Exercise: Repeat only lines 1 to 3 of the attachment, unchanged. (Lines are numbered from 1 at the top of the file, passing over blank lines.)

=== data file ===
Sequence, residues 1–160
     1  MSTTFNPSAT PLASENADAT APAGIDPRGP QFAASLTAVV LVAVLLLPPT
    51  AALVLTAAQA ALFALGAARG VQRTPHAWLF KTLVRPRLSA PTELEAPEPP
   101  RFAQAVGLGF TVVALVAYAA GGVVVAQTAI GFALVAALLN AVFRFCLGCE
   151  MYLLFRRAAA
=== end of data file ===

Sequence, residues 1–160
     1  MSTTFNPSAT PLASENADAT APAGIDPRGP QFAASLTAVV LVAVLLLPPT
    51  AALVLTAAQA ALFALGAARG VQRTPHAWLF KTLVRPRLSA PTELEAPEPP